Wisconsin is one of 48 states currently reporting special education teacher shortages (Sutcher, Darling-Hammond, & Carver- Tomas, 2016). Staffing challenges are exacerbated by high rates of attrition of special education teachers found to be 2.5 times more likely to leave the profession as teachers in general education (Smith & Ingersoll, 2004), and the pandemic only elevated the challenges faced by school districts.
On October 4, 2022, the Office of Special Education Programs (OSEP) released a memo regarding the Personnel Qualifications under Part B of the Individuals with Disabilities Education Act (IDEA). The memo served as a reminder of states’ and districts’ license requirements for those providing special education and related services and the obligation to ensure a Free Appropriate Public Education (FAPE) to students with disabilities.
Wisconsin’s license requirements are aligned with the provisions regarding personnel under IDEA.
The U.S. Departments of Education and Department of Labor also issued a Joint Dear Colleague Letter on August 31, 2022, encouraging districts to utilize available funds under the American Rescue Plan (ARP) Act of 2021. In addition, the Department of Public Instruction (DPI) has developed a resource entitled Leveraging IDEA Funds to Attract/Prepare/Retain Special Educators & Related Services Providers: AllowableCosts.
Additional reminders to districts facing special educator shortages:
Keep IEPs current. An IEP serves as a legally binding commitment of resources from the district to the student. Remember, an IEP should reflect current services provided, and any change in the amount or delivery of services should result in a review and revision of the IEP. If a district is experiencing shortages in special education and is making every effort to fill the vacancies, the first step should include a review of the impacted students’ IEPs. Conduct an IEP meeting to address the program summary, including specially designed instruction and related services. If the district has shifted teachers and related service providers to address unfilled positions, make sure that all students impacted receive an IEP review and revision, and determine whether compensatory services are required if there are any delays in providing services.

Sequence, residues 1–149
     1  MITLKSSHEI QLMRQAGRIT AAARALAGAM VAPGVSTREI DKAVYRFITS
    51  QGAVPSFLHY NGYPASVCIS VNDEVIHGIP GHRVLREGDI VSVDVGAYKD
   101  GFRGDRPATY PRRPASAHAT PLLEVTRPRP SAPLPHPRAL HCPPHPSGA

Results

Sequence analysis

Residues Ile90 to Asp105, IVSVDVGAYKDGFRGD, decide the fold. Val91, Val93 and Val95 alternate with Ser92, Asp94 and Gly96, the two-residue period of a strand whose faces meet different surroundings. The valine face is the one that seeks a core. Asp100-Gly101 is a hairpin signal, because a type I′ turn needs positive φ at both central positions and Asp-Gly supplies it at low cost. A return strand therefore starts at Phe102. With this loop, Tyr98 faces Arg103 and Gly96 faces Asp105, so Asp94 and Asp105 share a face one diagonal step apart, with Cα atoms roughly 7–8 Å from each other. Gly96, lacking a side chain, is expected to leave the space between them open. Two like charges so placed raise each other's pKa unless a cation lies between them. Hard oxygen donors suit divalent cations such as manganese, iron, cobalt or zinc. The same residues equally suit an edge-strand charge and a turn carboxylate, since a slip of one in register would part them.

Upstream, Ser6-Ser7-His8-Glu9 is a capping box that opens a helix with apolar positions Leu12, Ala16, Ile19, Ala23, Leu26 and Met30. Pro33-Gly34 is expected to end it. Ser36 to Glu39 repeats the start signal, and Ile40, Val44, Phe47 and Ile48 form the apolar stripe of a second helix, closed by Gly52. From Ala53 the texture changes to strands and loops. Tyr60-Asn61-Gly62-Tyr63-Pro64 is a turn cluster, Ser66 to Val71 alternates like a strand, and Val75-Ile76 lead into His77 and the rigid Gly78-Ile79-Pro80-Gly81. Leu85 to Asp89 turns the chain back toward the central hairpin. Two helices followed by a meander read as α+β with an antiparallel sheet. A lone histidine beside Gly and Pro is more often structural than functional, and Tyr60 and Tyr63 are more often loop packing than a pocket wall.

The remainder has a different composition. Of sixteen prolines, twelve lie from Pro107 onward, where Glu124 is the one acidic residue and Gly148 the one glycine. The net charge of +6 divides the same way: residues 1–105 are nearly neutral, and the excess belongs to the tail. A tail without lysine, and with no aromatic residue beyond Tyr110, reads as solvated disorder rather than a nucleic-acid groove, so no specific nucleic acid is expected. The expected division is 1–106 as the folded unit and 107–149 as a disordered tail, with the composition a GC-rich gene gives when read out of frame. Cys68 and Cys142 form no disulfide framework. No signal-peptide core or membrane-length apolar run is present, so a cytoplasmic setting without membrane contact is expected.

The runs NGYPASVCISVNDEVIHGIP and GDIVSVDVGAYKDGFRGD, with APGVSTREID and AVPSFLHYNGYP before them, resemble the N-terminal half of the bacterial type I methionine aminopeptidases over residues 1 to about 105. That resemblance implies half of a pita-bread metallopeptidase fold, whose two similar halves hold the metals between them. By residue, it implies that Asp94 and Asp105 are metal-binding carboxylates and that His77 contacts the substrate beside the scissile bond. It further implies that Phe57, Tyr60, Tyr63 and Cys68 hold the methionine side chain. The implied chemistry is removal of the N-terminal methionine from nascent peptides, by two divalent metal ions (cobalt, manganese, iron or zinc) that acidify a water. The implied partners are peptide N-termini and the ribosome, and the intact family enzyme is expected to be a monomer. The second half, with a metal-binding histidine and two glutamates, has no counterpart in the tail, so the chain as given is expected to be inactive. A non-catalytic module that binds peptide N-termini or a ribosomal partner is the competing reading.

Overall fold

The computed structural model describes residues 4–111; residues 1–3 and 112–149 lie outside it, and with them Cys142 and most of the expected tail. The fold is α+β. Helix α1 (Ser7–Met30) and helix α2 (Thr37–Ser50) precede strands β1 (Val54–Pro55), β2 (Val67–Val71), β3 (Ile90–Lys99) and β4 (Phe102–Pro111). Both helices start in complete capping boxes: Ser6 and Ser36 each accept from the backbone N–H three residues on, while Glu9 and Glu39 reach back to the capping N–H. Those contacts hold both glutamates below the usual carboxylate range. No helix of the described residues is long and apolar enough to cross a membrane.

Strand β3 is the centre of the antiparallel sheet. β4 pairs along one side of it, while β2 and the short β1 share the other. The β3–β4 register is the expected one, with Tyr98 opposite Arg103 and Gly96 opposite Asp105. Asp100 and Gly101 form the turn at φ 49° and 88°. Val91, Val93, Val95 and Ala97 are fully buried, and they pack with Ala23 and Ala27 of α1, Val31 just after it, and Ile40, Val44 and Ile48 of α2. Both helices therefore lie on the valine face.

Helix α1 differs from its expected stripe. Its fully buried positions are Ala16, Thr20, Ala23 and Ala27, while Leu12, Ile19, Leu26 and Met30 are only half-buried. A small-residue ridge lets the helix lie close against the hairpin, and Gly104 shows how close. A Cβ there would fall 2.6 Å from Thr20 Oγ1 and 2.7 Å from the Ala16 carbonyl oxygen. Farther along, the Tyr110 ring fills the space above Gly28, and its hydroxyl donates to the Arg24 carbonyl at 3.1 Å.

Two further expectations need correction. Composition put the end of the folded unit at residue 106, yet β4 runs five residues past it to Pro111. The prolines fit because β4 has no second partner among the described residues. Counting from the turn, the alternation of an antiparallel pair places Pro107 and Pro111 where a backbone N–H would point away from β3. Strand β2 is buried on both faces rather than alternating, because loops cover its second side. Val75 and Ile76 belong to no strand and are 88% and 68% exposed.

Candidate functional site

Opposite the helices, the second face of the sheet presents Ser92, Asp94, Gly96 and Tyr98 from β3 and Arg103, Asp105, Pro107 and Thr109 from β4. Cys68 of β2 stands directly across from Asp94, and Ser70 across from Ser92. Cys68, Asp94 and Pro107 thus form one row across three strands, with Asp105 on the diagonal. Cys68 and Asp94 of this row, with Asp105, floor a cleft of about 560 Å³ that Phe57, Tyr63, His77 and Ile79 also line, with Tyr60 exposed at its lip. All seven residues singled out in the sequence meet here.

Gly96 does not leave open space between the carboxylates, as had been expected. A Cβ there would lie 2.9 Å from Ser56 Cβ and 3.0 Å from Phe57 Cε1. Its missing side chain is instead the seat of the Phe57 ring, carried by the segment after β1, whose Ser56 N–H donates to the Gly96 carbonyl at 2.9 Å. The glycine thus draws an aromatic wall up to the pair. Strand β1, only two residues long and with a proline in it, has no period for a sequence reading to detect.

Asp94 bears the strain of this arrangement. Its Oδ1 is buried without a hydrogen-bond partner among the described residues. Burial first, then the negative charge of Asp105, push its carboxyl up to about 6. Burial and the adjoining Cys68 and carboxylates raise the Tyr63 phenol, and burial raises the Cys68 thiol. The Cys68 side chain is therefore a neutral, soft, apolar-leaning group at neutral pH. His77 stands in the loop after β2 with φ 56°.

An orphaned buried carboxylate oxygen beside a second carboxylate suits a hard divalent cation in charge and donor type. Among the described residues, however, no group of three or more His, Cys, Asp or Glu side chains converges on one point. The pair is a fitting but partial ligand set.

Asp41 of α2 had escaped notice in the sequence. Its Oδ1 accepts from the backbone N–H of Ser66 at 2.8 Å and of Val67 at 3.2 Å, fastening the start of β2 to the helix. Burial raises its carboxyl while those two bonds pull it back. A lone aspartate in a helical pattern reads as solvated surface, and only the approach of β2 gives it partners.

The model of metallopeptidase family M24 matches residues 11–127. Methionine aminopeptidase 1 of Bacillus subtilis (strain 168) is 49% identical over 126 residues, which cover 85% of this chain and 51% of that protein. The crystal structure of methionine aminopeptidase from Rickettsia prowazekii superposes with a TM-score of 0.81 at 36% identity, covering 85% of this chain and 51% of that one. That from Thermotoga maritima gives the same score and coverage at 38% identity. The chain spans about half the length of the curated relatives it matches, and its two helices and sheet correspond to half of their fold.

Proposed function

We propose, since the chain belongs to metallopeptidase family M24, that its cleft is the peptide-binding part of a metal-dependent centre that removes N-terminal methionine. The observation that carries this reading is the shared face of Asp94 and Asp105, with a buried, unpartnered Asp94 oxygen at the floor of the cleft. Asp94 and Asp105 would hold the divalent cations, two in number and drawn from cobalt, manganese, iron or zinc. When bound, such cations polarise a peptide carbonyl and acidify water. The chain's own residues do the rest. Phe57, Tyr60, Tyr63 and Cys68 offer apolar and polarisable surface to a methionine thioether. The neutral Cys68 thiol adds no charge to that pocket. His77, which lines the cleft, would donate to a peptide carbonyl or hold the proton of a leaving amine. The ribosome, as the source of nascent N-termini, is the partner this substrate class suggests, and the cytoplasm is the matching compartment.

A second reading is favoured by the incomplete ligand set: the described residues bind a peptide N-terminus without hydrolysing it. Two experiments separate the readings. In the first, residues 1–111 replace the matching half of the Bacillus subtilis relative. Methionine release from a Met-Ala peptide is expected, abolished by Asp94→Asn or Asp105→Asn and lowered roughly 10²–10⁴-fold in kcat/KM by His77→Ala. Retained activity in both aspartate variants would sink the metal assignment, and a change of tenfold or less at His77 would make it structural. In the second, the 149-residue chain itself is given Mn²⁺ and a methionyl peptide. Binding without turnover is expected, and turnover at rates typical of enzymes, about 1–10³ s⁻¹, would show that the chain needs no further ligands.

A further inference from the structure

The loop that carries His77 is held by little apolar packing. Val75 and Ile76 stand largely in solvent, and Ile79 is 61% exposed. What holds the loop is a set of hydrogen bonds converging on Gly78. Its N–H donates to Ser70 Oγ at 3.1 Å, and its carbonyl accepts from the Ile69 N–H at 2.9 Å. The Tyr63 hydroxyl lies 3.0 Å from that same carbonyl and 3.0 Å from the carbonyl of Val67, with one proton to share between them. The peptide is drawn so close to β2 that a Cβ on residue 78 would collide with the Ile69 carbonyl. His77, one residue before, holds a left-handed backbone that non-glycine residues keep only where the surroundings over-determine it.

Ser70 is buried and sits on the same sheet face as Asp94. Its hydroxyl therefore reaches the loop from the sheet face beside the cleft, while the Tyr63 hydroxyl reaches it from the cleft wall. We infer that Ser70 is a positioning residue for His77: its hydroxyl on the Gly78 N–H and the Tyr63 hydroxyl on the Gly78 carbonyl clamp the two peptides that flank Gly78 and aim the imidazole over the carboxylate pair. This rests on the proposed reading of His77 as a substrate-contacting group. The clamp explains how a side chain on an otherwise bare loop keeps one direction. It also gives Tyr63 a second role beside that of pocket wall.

Communication is key. Communicate with family members regarding the current status of programming and services for their child. Be transparent throughout the process and not only at IEP team meetings. Be upfront with the challenges the district is facing, along with the efforts made to address the challenge. Routine and up-to-date communication should be provided.
Leverage skills in existing staff. Recognize the unique knowledge and skills of available staff to meet the unique needs of students with IEPs. Think creatively regarding which available licensed staff could address the goals and provide services and where the goals and services can be delivered. Offer additional training to build the capacity of existing and available staff to address the unique needs of students with IEPs.
Wisconsin has made staffing challenges a priority, dedicating a webpage. For more information, see Resources to Attract, Prepare, and Retain Special Educators and Related Services Providers.